Are you Ignoring Conway's Law

Bubble Rock

Brad Jolicoeur

11/29/2017

Does this sound familiar?

Enterprise System A has been replaced by Enterprise System B and while the switch went successfully, the stakeholders are hopping mad. The data has issues that were not identified during testing and there are an increasing number of issues being identified. The number of hostile meetings you are being asked to attend are multiplying by the day and the situation seems to be getting worse even though a tremendous amount of effort is being exerted to correct the data.

I encountered a similar situation recently and as I peeled the layers back on the situation to identify the root cause I suddenly came to the realization that the solution architects had ignored Conway's Law. 

The master record in this case is shared between departments and Department A only use about 5% of the overall master record for the department's function. The majority of the master record supports the function of Department B. All of the edits in the new solution had to be completed in System C of the diagram below in an attempt to enforce a single source of truth. 

Transitional diagram showing how the solution was implemented


With this solution the primary users of the data no longer had the ability to edit the data and the system being used to maintain it did not have native functionality to support the full master record. Attempts were made to force the data into that system, but it was lacking data integrity and input validation. 

This lead to a situation where the consuming department was trying to send requests to the department that was now responsible for the edits. As you can imagine the department that was now doing all of the edits had little motivation to make the edits timely or correctly for the other department. 

After identifying the root cause and explaining that we needed a solution that embraced Conway's Law the response was, "What the heck is Conway's Law."

For those who are not familiar, Conway's Law is technically not a law but is a widely excepted sociological observation by Melvin Conway. Conway introduced the concept in the paper "How Do Committees Invent?" written in 1967. The observation was dubbed "Conway's Law" and popularized in the seminal book "The Mythical Man Month" by Fred Brooks in 1975. Since that time several studies have been completed by researchers that have found strong evidence to support Conway's observation.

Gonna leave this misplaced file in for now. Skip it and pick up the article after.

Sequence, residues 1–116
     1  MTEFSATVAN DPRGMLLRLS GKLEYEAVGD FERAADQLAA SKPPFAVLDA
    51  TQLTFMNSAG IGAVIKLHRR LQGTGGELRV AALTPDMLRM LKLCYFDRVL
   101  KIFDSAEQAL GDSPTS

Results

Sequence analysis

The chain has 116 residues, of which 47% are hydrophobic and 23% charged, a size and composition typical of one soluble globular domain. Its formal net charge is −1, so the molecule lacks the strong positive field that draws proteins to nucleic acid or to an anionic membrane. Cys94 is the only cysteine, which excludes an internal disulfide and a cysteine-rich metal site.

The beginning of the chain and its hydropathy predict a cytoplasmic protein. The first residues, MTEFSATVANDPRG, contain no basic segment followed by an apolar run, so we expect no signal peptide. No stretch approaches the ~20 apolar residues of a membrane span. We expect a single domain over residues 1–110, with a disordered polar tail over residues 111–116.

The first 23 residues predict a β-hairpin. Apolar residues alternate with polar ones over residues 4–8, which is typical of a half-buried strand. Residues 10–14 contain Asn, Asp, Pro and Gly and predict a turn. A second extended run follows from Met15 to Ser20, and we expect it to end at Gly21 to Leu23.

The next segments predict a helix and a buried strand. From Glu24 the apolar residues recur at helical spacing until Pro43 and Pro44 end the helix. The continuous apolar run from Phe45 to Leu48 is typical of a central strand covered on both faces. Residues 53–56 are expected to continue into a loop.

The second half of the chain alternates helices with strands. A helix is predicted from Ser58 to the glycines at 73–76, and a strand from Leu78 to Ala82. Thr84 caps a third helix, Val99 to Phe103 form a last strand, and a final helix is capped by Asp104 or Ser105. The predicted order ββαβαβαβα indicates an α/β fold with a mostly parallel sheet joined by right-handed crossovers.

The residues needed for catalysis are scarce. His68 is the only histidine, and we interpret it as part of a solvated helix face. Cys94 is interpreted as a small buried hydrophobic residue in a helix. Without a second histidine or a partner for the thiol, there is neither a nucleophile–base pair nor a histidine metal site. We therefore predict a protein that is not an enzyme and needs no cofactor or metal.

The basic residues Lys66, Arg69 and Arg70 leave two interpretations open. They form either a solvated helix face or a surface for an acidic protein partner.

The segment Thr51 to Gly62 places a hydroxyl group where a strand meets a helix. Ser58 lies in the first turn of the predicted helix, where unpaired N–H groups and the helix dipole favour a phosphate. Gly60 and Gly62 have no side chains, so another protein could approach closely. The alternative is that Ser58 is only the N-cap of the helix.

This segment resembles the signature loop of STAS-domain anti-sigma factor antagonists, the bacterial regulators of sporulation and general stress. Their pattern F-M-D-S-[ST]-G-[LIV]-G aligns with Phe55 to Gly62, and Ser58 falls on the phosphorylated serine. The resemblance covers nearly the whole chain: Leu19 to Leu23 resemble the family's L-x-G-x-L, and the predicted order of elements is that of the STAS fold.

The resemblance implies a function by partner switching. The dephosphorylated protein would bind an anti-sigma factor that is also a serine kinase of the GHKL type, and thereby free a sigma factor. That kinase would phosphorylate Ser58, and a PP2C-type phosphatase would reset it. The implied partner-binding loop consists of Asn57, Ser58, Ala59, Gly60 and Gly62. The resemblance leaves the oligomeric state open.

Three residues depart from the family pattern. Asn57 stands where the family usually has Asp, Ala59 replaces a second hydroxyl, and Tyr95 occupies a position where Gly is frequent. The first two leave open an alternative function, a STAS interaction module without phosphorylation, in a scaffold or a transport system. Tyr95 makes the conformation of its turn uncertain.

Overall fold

Conway's Law states: 

Any Organization that designs a system (defined broadly) will produce a design whose structure is a copy of the organization's communication structure.

At first glance this doesn't seem to apply to the situation at hand, but when we consider Al Shalloway's corollary to Conway's Law:

When development groups change how their development staff are organized, their current application architecture will work against them.

Taking it a bit further, James O. Coplien and Neil B Harrison stated:

If the parts of an organization (e.g., teams, departments, or subdivisions) do not closely reflect the essential parts of the product, or if the relationship between organizations do not reflect the relationships between product parts, then the project will be in trouble... Therefore: Make sure the organization is compatible with the product architecture.

Now we have arrived at the problem at hand. The communication structure of the organization is not in alignment with the architecture of the solution. The communication between the departments is expensive due to a high level of friction and until that issue is addressed the uncomfortable meetings will continue and the customers will continue to be adversely affected.

Fortunately, Conway's Law helped us both identify the issue and to design a solution that permanently fixes the issue and makes everyone happy. Andy Oram and Greg Wilson suggest the following corollary of Conway's Law in their book "Making Software: What Really Works, and Why We Believe It".

A software system whose structure closely matches its organization’s communication structure works better (defined broadly) than a system whose structure differs from its organization’s communication structure.

Designing a better solution meant we first needed to understand the organizational communication channels. Then we could create a solution that embraces the communication channels while at the same time enforcing master data integrity and attribute level ownership. 

The revised solution included creating a microsite and a set of microservices to act as a broker of the data to be maintained by both departments. This solution allows edits to specific attributes by the parties who were best informed along with meaningful data integrity controls. The high friction communication between departments is eliminated and the consumers of the data will be enabled to make timely edits to the master data.

Diagram showing the redesigned architecture


An argument can be made that the overall solution is now more complex to maintain as it has more components. This is might be true however the benefits of a properly executed microservices architecture is that it is loosely coupled with the systems it interfaces with. At some point in the future when the organization restructures or the enterprise systems change microsite could be deleted or modified with relative ease. The added complexity is offset by the benefits of accurate and timely master data.